Mongolia unlocks further funds from IMF

2 Nov 18

Mongolia has secured an extra $36m from the IMF after successfully implementing reforms and complying with loan conditions.

The Asian country is currently undertaking IMF-backed reforms to stabilise the economy, reduce debt, build resilience to fiscal shocks and boost inclusive growth.

Mongolia’s public debt is currently 85% of GDP but the IMF suggested earlier this year that strong economic growth would help the country build reserves and reduce debt. 

Growth was 6.1% in the first quarter of 2018. If this trend continues, the fund estimates that public debt could be reduced to 71% of GDP by 2020 and 55% by 2023.

The newly secured funding, which was announced on Wednesday, brings total IMF disbursements to Mongolia to $217.33m.

The three-year loan programme, approved in May 2017, amounts to a total of $434.3m, which is part of a broader $5.5bn financing package also supported by Japan, Korea, China, the World Bank and the Asian Development Bank.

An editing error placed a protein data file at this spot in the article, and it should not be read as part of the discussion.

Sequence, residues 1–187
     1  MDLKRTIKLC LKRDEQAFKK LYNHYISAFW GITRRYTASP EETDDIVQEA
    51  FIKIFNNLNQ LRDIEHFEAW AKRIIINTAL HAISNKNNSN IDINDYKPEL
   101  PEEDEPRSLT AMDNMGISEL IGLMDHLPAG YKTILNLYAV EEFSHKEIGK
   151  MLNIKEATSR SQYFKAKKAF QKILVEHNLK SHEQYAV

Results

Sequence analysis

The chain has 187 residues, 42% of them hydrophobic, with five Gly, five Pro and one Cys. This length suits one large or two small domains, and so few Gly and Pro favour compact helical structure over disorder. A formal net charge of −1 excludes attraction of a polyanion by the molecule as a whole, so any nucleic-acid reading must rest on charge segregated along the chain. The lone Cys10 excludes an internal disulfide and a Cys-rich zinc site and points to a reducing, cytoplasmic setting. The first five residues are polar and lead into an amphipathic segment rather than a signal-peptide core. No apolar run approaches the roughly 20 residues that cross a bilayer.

Mongolia continues “to perform well under the programme”, with strong policy implementation and structural reforms, the fund said in a statement. 

Acting chair of the IMF executive board and deputy managing director Mitsuhiro Furusawa said the country’s growth had been helped by commodity exports and the reforms being carried out under the programme.

Public finances were also doing well, with a fiscal surplus as a result of an increase in revenues and limited spending. 

But Mongolia remains “vulnerable” to external and domestic economic shocks, Furusawa said.

“It is therefore crucial to take advantage of the still favourable economic environment to further bolster fiscal and external buffers, strengthen the banking sector, and improve the investment climate.”

The government should continue to strengthen tax administration and improve public financial management to improve resilience, the IMF added.

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